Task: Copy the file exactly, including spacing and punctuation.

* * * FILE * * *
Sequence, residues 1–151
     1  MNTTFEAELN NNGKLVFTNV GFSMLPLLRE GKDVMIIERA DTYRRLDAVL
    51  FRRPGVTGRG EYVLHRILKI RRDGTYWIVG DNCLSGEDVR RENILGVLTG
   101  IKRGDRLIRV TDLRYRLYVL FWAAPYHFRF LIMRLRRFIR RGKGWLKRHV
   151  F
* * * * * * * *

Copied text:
Sequence, residues 1–151
     1  MNTTFEAELN NNGKLVFTNV GFSMLPLLRE GKDVMIIERA DTYRRLDAVL
    51  FRRPGVTGRG EYVLHRILKI RRDGTYWIVG DNCLSGEDVR RENILGVLTG
   101  IKRGDRLIRV TDLRYRLYVL FWAAPYHFRF LIMRLRRFIR RGKGWLKRHV
   151  F